Guerilla growing is growing cannabis in the wild. In a place where you are sure that nobody will pass by accidently so you can just come back when the plants are finished and harvest your crops.
Find an isolated, secluded spot where no one comes. Check to make sure there are no footprints visible nearby or other signs that people are sometimes wandering around, such as garbage. Make sure that the spot you’re looking for is not near to paths or streets. Places like that are more easily discovered by passers by, since the odour of the grow will be noticeable up to 10 metres away, depending on the wind.
On top of this, any street lighting can mess with bloom timing by disturbing the day/night cycle of the plants. It is also important that the location is not maintained by a team who might stumble upon the plants when they’re trimming bushes and pruning hedges.
A short bike ride through your district or to other places you’re considering is a good idea, to get an idea of possible locations nearby.
If you don’t have the opportunity to scout out a location in one of the above mentioned examples, you can put aside a bit of land in your kitchen garden and grow your plants there. The biggest danger with this approach is neighbours who might tip off the police or run off with your harvest. Also, in domestic gardens there tends to be a lot of pests present, so your plants will need some protection from these (see too: Animals).
Should you choose for a location in a maize field it is important to research in advance whether there is somewhere in the vicinity where there are bridges or high buildings that might offer a view of the space you create in the field. It is also important to choose an early-blooming variety so that you can harvest before the maize is gathered in.
The disadvantage of an isolated spot is that they are often not deserted. Animals have often taken over these places and represent a threat to the harvest. It is recommended to avoid areas with lots of rabbit burrows around, or take steps against these nibbling animals. The most efficient solution to rabbits is to plant chicken wire around you plant(s). Note: the wire must be buried deep enough that the rabbits can’t dig under it.
If you grow on the edge of a wood or maize field make sure you choose the sunny side of the field. Look where the sun is stood at midday, where it comes up and goes down. The more sunlight your plant gets the bigger the yield during bloom will be.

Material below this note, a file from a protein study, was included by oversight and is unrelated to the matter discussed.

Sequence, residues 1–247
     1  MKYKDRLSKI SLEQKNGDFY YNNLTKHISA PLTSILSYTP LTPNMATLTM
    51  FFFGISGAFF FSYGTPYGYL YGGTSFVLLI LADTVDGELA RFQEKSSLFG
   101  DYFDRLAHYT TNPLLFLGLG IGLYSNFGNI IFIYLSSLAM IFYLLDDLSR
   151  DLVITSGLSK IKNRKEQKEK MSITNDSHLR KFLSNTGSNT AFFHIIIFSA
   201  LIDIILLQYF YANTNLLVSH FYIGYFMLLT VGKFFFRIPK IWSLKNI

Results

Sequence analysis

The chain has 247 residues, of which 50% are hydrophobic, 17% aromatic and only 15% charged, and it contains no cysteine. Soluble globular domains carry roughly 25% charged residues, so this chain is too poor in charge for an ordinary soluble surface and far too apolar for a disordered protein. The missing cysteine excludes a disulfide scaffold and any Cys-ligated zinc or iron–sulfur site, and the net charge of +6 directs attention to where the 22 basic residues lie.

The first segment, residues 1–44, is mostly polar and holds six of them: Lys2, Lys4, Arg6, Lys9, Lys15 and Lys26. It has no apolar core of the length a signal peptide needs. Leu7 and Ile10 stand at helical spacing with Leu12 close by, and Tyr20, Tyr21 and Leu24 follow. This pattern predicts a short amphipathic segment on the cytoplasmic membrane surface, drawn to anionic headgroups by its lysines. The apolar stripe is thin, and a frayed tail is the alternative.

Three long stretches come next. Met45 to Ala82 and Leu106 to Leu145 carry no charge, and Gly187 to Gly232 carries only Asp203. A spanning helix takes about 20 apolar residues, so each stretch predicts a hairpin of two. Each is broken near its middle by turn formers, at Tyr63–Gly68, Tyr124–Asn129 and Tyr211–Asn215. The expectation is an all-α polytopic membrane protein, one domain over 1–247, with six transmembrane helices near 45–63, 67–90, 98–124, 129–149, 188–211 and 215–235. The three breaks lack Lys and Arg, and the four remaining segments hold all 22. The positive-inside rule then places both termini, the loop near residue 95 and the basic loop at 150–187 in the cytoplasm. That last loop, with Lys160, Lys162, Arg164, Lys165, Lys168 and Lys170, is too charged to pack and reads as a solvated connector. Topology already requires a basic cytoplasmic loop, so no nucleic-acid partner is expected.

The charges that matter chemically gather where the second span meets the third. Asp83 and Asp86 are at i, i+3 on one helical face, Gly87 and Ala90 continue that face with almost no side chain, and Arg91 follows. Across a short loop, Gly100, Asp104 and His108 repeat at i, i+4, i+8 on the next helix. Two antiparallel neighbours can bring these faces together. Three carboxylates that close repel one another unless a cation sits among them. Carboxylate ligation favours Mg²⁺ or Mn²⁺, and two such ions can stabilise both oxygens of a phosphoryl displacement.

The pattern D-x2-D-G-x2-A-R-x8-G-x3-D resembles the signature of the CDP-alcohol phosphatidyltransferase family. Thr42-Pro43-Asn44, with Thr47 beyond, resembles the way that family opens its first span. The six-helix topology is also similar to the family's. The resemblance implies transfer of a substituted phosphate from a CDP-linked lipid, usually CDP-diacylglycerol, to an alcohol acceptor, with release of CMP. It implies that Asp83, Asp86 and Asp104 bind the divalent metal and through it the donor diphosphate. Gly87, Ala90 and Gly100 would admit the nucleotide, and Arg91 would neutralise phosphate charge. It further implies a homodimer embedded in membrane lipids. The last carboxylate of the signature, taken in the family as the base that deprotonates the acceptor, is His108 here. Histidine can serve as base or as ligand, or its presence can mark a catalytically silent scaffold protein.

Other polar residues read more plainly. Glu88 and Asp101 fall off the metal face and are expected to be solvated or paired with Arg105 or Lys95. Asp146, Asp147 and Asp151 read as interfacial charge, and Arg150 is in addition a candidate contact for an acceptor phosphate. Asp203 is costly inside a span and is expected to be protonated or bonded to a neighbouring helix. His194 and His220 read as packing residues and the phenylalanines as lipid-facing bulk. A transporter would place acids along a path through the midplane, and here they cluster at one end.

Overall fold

Try not to change the location situation too much. Trimming bushes or chopping down trees gives rise to suspicion among the local inhabitants and can lead to the discovery of your plants.
Make sure no-one sees you creeping through the bushes when you’re on your way to your grow spot. People will wonder what you’re up to and are liable to investigate or ask you directly. Taking a fishing rod or a dog with you makes a good alibi for being in the place.
Preferably always go on foot to visit your plants, so that people nearby don’t see your parked car or bike. It can also be a good idea to wear dark clothing and only go visit at dusk. Another good time is during office hours, as most people will be at work and it is therefore quieter.
Never leave rubbish behind. It can be easily seen from the air and in areas where a lot of growing goes on direct action will be taken. On top of this it is likely that you’ll be leaving your fingerprints behind on your rubbish, which will make you easier to trace.
To reduce your footprints wrap Duct tape on the soles of your shoes, thanks to which the relief of the sole is reduced and tracing is made harder. It is recommended that you clean your shoes as soon as you get home, given that soil on the shoes can also be used as evidence.
Put all materials in a large rucksack thus leaving your hands free if you need to creep or climb.
The risk of being discovered also depends on the eventual size of the plant. With a relatively small plant of say 70 cm the risk is smaller that someone spots it, even if the person comes quite close to the plant’s location. The autoflowering varieties in particular will result in smaller plants.
To mimic the natural situation in for example a wood, the plants must not be planted in a fixed pattern. It is better to give the plants some room between each other; 5 metres or so makes for unobtrusive results. Try not to apply a pattern when planting, as this will stand out in a natural environment and draw attention to your plants.
It is better to tell no one the location of your plants. Bragging about your plants or taking someone to see them increases the chance that someone will open their mouths and then bang goes your secret harvest. Try to keep your guerrilla garden to yourself, unless you’re sharing the growing with someone else